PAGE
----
Runner Nick Symmonds not shy about speaking up to fix track
Outspoken middle-distance runner Nick Symmonds tricks himself into believing that doping isn't going on in his event. Otherwise, he couldn't climb out of bed every morning to train.
''I stick my head in the sand and pretend it's not happening,'' the American 800-meter standout said in a phone interview. ''It's a filthy, dirty sport - the cheaters are always going to be two steps ahead of the testers. It's never a level playing field.
''Anyone who stands on the starting line at an Olympic final and thinks they're racing against a clean field is delusional.''
Symmonds doesn't shy away from voicing his opinion on track's inequities or from keeping pressure on those responsible for making decisions in a sport that's engulfed by doping scandals with the Olympics in Rio de Janeiro rapidly approaching.
He boycotted the world track and field championships in Beijing last summer to make a point about the relationship between athletes, sponsors and national bodies. Soon, he's headed to court as he takes on USA Track and Field, along with the United States Olympic Committee, over the type of sponsors that can be displayed on uniforms and other clothing at the Olympic Trials in July.
''Track needs a total re-haul,'' he said. ''It's broken beyond repair at the moment.''
Symmonds didn't compete two weeks ago at the world indoor championships in Portland, Oregon - he stopped racing indoors - but appreciated track's governing body excluding the Russians over doping charges. The International Association of Athletics Federations could decide in late May or early June if Russia's track and field program has done enough to repair its anti-doping measures and can be reinstated for the Rio Games.
''Now that they're trying to catch them, I feel better,'' said Symmonds, a two-time Olympian who lives in Seattle and is currently squeezing in some high-altitude workouts in Albuquerque, New Mexico, as he recovers from a torn left calf. ''But it's still a long, long way from cleaning up the sport.''
Sebastian Coe, the president of track's governing body, has a simple message for clean athletes: Help the IAAF catch the cheaters.
''These days have got to be over, where clean athletes sit there and say, `There's no system,''' Coe said. ''Don't sit there with a vow of silence and then (speak up) when that athlete tests positive, because you could've actually sped up this process for us.''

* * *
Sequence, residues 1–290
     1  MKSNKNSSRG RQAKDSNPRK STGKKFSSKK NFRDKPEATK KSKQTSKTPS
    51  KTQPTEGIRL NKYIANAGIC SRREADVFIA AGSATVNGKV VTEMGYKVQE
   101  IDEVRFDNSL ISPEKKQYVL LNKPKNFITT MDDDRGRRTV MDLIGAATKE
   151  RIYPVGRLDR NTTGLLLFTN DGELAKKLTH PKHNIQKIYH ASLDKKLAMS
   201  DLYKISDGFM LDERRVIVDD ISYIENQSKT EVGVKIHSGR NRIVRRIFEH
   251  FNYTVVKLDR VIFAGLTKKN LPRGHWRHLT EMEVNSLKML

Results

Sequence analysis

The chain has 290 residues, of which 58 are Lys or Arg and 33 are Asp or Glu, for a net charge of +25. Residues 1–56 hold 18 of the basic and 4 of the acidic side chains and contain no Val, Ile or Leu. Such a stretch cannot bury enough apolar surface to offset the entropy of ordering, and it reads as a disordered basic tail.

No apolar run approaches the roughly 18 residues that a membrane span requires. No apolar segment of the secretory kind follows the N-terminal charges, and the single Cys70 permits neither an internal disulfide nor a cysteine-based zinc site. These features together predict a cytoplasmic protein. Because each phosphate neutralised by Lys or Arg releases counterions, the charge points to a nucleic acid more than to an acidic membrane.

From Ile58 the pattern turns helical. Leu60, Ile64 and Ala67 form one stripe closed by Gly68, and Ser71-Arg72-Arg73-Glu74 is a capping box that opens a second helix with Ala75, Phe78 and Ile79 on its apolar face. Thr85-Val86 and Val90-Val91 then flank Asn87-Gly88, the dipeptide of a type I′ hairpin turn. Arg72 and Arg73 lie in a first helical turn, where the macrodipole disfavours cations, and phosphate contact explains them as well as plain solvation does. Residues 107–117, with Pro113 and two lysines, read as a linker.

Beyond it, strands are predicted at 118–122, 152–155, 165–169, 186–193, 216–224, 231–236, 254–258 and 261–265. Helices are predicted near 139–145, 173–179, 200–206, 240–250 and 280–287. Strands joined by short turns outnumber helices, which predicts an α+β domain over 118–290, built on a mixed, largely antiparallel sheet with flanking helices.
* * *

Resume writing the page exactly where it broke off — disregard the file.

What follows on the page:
Keeping his thoughts to himself has never been an issue with Symmonds.
On his Twitter account earlier this week, he wrote: ''Billions of dollars in ad revenue and athletes are paid $0 directly. Olympians are indentured servants of the IOC.'' He posted a link to a story with the headline, ''NBC on track to shatter Olympics ad sales record.''
Last summer after making the world team, Symmonds took a hardline stance over what he called a restrictive, unclear policy written by USATF regarding exactly when American athletes are required to wear team-sponsored Nike gear while in Beijing. Symmonds is sponsored by a rival shoe company, Brooks, and wanted it clearly spelled out what constitutes a team function.
With no resolution, he stayed home for the world championships. He watched the 800-meter final and felt he could have won a medal.
''But I haven't regretted it for 2 seconds,'' said the 32-year-old Symmonds, who dedicated his silver medal at the 2013 world championships in Moscow to his gay and lesbian friends as a show of support amid Russia's anti-gay legislation.
Now, Symmonds and a company he co-founded, Run Gum, are in the middle of a lawsuit with USATF and the USOC, attempting to break a monopoly by certain sponsors. In part, the suit states: ''USATF, the USOC, and their co-conspirators cannot curtail competition by picking and choosing eligible market participants and excluding the rest.''
The USATF had no comment on the lawsuit. The USOC filed a motion to dismiss the case, which will be heard in about two weeks.
On his website, Symmonds describes himself as not only an Olympian but an Eagle Scout and a professional adventurer. He recently went fishing on the Willamette River in Oregon, posting photos of the sturgeon he caught before releasing them back into the water.
''If you love em, let them go,'' he wrote.
Symmonds won't let track off the hook so easy.
''Of course, doping is the most immediate concern,'' Symmonds said. ''For the long term, I want to know how (Coe) is going to revitalize the sport, how you repackage it and make it palatable to a 21st century audience. Right now, nobody wants to watch track and field.''